New Historian

Scientific Evidence Shows Precious Frankincense Was Still Used at Burials During Roman Decline

A Roman Burial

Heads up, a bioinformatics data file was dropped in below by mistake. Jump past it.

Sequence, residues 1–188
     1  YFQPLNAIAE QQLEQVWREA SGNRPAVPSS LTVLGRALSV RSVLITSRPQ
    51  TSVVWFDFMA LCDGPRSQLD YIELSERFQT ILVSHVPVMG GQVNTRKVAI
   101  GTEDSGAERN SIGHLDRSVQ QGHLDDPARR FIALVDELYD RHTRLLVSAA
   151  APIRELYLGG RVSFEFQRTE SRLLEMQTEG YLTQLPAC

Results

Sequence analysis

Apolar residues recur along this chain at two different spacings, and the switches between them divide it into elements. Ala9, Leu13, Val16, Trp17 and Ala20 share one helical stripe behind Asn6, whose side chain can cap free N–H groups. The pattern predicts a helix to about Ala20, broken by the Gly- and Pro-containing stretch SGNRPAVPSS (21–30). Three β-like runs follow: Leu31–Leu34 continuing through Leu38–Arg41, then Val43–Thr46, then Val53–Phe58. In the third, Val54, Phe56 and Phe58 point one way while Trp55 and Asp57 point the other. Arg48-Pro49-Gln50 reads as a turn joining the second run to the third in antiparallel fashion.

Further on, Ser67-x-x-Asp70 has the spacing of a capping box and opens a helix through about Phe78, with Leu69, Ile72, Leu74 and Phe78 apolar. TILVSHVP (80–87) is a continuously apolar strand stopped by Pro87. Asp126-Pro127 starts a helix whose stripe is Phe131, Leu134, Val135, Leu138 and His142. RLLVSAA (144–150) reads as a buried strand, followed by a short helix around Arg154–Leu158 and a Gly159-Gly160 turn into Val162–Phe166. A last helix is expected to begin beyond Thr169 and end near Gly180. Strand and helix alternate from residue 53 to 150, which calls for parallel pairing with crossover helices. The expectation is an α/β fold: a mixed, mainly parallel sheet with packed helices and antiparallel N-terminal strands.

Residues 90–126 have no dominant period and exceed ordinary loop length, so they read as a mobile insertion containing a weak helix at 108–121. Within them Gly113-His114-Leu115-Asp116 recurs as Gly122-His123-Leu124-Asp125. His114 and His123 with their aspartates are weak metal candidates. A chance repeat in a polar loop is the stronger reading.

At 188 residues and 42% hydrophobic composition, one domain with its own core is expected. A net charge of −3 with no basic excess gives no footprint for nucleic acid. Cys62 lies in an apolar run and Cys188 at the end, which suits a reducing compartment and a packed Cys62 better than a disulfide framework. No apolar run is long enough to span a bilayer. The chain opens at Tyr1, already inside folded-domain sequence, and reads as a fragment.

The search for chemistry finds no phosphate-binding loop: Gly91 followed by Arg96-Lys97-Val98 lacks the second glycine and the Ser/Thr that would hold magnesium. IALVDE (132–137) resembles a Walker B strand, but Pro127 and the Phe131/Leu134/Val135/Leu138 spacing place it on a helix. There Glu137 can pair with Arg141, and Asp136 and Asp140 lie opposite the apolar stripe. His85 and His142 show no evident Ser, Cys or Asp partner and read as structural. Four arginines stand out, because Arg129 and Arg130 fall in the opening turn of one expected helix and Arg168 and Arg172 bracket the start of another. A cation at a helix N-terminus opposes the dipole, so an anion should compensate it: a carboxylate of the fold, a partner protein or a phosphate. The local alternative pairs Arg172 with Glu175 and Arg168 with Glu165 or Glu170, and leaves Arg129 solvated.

<![CDATA[According to the University of Bradford, scientific evidence of frankincense, as well as other mystery resins, has been found on skeletons and caskets for the first time at Roman burial rites in Britain. Only wealthy Romans settled into areas of Britain such as York and London more than 1,500 years ago, and this is the first time it has been possible to prove that they used the expensive resin in funeral services. Researchers at the University of Bradford found the expensive resin on four fourth century Roman caskets, as well as on the bones of the deceased who lay inside. What originally looked like dust, and of little interest, turned out to be something much more. During the time of these Roman burials, around the third and fourth centuries, it seems that frankincense was being transported north for these wealthy romans. An oil or incense like frankincense was worth more than gold during this period, so it's particularly fascinating that archaeologists have found this resin on these coffins and bodies. Experts at the university carried out chemical and molecular analysis on several of the skeletons and their caskets, to determine that they were indeed covered in southern Arabian Sap from the Boswellia sacra tree - frankincense. Experts from the university also noted that at least ten of the skeletons contained other resins from the Mediterranean and northern Europe. According to Science Daily, the resins found came from different plant families, including Pistacia (mastic/terebinth) from the Mediterranean or the Levant; Pinaceae from Northern Europe; and Boswellia (Frankincense/olibanum) from southern Arabia and eastern Africa. These resins were most likely used to mask the smell of decay or slow the process of decomposition, especially during the long funeral rites of the Roman elite. Frankincense in particular held a special value. Not only does it mask the scent of decay, but to the Romans, it was seen as a gift from the gods. All of the resins found on the bodies were believed to purify the dead and help them negotiate the final rite of passage to the afterlife, according to a Science & Tech article in the Daily Mail. Again, it's important to note that only individuals of high status were buried with such resins. Professor of Archaeological Sciences at Bradford University, Carl Heron adds, "It is remarkable that the first evidence for the use of frankincense in Britain should come from such seemingly uncompromising samples yet our analysis demonstrates that traces of these exotic resins can survive for over 1,700 years in what others would reject as dirt." The significance of these findings for scientists and researchers who are trying to understand the funerary rituals of late Roman Britain is huge. Before being brought to Britain by the wealthy Romans, resins like the ones found on these bodies were rarely found outside of Egypt. What is most fascinating is that the discovery suggests these elaborate rituals were still being carried out at a time when the Roman Empire is traditionally thought to have been in decline. Scientists at the University of Bradford will continue to study these resins, to try and learn more about Roman burial practices. ]]>

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